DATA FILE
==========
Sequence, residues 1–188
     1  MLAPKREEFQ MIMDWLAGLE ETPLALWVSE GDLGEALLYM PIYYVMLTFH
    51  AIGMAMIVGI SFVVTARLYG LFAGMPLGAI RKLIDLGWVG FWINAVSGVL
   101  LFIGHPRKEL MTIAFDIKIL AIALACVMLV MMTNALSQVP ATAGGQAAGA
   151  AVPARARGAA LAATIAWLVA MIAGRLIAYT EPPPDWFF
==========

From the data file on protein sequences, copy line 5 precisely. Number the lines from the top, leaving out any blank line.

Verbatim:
   151  AVPARARGAA LAATIAWLVA MIAGRLIAYT EPPPDWFF